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How to help students hope

A polling expert finds students less engaged with school as they get older. Brandon Busteed from Gallup Education says if schools taught to strengths instead of weaknesses, more students would be successful in school and in life.

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in collaboration with Spotlight on Poverty and Opportunity

Institute an alternate economic system

File under: Alternate economy, social capitalism, social currency, knowledge asset, education, mentorship, social entrepreneur, small business, social media, other

4 (6 votes)

From: Daniel R., Edmonds, WA

The Ingenesist Project specifies an alternate economy that closely resembles market capitalism except that factors of production are not land, labor, and financial capital. They are social, creative, and intellectual capital. These are the things that social entrepreneurs will allocate in the production of goods and services. This is called "Social Capitalism."

Social capitalism requires a standardized (normalized) community knowledge inventory and a social media application that allows millions of social entrepreneurs to match most worthy knowledge surplus with most worthy knowledge deficit within a geographical area (i.e., a neighborhood or community).

Since we use the same calculus as Wall Street, we can estimate the likelihood that an entrepreneur will return a social profit. All predicted social profits can be combined into a social "cash" flow and securitized as innovation bonds. The innovation bonds will be traded as a social currency to hedge the dollar.

Debt is a promise against future productivity. The innovation bond is also a promise against future productivity. Therefore, an innovation bond and debt denominated dollar would be fully convertible. That would end poverty in a hurry. Please see the Ingenesist website for an informative video series.


Comments:

Keith A.
From , IL

So . . . people should . . . THINK food onto the table? I fail to see how your "social capitalism" will feed, clothe or house people who lack these things.


Dan R.
From Seattle, WA

@Kieth A; Yes, people will think and food, clothes, houses, airplanes, and software will get produced. How do you believe that happens now...bankers? Ingenesist is an exact duplicate of the same exact system that can now read a strip of magnetic carbon laminated to a piece of plastic which allows you to carry groceries out of a store. The exception are "the factors of production" If you don't understand how that system works, it will be difficult for you to understand how The Ingenesist Project will accomplish the exact same outcome, except where the human is the item of permanence rather than the environment, machinery, and a debt based currency.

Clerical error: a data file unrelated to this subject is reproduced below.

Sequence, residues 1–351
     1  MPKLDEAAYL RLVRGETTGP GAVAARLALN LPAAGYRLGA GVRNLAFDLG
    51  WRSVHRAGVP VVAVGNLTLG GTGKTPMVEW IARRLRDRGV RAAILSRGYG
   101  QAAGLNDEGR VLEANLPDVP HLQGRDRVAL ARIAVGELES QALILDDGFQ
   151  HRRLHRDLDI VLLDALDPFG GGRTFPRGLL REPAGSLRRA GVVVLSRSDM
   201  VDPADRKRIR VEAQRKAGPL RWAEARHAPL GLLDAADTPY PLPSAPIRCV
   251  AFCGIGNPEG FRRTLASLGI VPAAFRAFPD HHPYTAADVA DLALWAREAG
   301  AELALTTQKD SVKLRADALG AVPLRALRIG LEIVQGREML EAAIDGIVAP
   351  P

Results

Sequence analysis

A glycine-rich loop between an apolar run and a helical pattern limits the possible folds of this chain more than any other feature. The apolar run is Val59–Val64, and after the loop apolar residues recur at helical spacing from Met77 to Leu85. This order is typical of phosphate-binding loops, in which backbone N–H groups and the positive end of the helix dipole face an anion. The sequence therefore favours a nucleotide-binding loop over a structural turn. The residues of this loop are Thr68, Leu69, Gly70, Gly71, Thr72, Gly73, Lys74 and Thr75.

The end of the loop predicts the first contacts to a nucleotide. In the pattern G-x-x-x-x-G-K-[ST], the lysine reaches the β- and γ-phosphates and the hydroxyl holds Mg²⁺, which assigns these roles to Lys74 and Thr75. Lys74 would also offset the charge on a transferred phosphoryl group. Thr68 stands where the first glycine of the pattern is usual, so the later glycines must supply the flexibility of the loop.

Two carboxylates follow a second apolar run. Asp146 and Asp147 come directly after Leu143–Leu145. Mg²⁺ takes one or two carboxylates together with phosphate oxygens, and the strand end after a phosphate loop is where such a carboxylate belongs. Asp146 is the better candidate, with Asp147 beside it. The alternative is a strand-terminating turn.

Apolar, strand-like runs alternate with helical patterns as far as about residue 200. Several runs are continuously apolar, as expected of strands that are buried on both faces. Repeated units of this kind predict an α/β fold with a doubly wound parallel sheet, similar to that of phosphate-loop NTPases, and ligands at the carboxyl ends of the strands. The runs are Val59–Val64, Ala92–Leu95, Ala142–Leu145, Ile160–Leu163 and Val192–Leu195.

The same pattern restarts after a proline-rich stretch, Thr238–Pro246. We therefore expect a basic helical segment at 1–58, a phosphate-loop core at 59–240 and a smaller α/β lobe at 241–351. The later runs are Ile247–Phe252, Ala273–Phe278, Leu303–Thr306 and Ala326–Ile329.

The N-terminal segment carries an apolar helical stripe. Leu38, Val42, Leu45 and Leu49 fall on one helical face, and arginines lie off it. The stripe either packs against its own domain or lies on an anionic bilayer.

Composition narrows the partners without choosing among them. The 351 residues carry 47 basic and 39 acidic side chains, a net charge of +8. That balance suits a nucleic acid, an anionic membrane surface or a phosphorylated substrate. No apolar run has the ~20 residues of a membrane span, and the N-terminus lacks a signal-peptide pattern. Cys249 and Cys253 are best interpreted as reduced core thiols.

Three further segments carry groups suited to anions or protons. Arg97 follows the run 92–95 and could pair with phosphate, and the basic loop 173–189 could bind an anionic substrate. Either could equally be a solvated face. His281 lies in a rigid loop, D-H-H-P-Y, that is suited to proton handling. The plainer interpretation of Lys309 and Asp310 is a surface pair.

American RadioWorks |
Photo: Daniel Buchanan

How to help students hope

A polling expert finds students less engaged with school as they get older. Brandon Busteed from Gallup Education says if schools taught to strengths instead of weaknesses, more students would be successful in school and in life.

Recent Posts

  • 10.21.14

    Making it stick

    Why do we remember some things, and forget others? That's what author Peter Brown and psychologists Henry Roediger and Mark McDaniel set out to answer in their new book Make It Stick: The Science of Successful Learning.
  • 10.14.14

    What teachers need

    Education correspondent Emily Hanford talks with author Elizabeth Green about her new book, Building a Better Teacher: How Teaching Works (and How to Teach It to Everyone).
  • 10.07.14

    Intelligence is achievable and other lessons from The Teacher Wars

    Education correspondent Emily Hanford continues her conversation with Dana Goldstein, author of The Teacher Wars.
  • 10.01.14

    Teaching: The most embattled profession

    Education correspondent Emily Hanford talks with bestselling author Dana Goldstein about her new book, The Teacher Wars.